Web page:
Maitlis also defends her retweeting of Piers Morgan’s anti-government tirade. At the time the BBC said it was “clearly controversial, implying sharp criticism of the Government”. Maitlis once again disagrees with her employers, saying “the tweet said nothing I haven’t actually asked on air”.
It seems Emily’s showboating for Press Gazette has seen her called into the headmaster’s office, with a BBC spokesman saying:
“Nothing is more important than our impartiality. All BBC journalists must abide by the BBC’s editorial guidelines and social media rules. There are no exceptions. We will be taking this up with Emily.”
If Emily is completely unwilling to abide by the BBC’s impartiality rules she should look for a job elsewhere. There are lots of media organisations where delivering opinionated news is fine, just they’re not funded by a universal tax to pay her recently pared back £329,999 salary…
*When was the last time you can remember seeing a minister on Newsnight? Nowadays that happens as frequently as there is a blue moon.
Buzzfeed has gone to court in the US to attempt to force the editor of British media trade website Press Gazette to reveal his journalistic sources. A motion filed by Buzzfeed in a New York court seeks to compel Press Gazette’s editor, Dominic Ponsford, to provide material in relation to this article he published in April 2015, a report about a Buzzfeed investigation doing in one of its rivals. Buzzfeed’s court application seeks to force Ponsford to reveal:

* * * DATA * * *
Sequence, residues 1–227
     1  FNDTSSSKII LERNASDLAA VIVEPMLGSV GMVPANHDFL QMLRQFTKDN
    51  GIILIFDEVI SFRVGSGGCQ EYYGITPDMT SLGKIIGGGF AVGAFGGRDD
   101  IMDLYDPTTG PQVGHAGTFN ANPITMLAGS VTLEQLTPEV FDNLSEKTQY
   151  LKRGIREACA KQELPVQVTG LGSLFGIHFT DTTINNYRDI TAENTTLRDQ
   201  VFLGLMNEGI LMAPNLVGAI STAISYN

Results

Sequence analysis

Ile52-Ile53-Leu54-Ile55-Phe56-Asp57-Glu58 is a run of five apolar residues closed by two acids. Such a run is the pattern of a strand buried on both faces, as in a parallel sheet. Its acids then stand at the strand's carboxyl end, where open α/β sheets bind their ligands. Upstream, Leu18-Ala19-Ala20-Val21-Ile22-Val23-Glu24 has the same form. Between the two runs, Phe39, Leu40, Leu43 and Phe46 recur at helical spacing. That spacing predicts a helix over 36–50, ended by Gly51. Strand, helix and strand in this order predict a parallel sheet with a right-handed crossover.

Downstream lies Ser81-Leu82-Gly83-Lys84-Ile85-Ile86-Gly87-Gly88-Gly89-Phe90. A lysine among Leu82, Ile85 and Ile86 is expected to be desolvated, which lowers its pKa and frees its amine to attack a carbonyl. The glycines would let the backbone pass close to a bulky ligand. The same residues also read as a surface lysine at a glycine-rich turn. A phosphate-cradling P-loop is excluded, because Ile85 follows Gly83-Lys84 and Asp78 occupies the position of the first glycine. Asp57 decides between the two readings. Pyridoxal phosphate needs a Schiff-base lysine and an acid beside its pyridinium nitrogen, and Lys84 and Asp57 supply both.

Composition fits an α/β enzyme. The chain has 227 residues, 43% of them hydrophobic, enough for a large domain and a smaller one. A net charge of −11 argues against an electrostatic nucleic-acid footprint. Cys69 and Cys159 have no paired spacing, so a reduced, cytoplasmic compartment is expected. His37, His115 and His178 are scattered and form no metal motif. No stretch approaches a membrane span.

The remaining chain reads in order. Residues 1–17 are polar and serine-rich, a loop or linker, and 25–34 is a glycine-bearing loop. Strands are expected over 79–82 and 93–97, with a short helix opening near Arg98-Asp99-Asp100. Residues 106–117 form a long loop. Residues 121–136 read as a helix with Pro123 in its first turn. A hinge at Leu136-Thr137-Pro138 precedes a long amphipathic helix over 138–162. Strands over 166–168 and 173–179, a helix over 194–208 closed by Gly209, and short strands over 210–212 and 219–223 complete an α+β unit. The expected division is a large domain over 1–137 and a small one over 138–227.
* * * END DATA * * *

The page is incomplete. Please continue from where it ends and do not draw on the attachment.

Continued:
“Why is Buzzfeed interested in my emails and any other documents I may hold? As a journalistic organisation does it not understand the dangerous ethical territory it is entering here?”
Remarkable behaviour for a news organisation employing journalists. What are Buzzfeed thinking?
Press regulator IPSO has slammed claims made by Peter Jukes, Twitter’s self-appointed upholder of press accuracy, finding they breached Clause 1 of the Code of Practice: Accuracy. An extract from his book “Beyond Contempt” published in the Press Gazette alleged that in June 2014, journalist Dennis Rice had “threatened to investigate” Jukes over a donation from Hacked Off. Jukes claimed Rice tweeted: “I’m now going to blog about [Jukes] & his family”. In fact, Rice’s tweet had been sent on 31 January 2014, six months earlier, in response to comments posted by Jukes which had referred to the Rice’s family. As today’s IPSO statement says: “The article therefore contained the misleading impression that the complainant had mounted an unprovoked attack on the journalist and his family.”
IPSO’s findings are highly critical:
Press Gazette has now apologised for publishing the Jukes extract. Rice tells MediaGuido in a statement:
“This is a judgement which underlines the importance of journalists checking facts – even ones who are sponsored by Hacked Off. Peter Jukes deserves credit for his crowd funding initiative, but no credit for his inability to check the date of a simple tweet.”
“the letter from IPSO I have says it specifically doesn’t refer to my journalism by PG editorial process [sic]”
Perhaps it is worth re-reading this tweet of his from last June:
I admire Fleet St journalists for holding power to account: but not so much today on their own accuracy, or accountability
— Peter Jukes (@peterjukes) June 26, 2014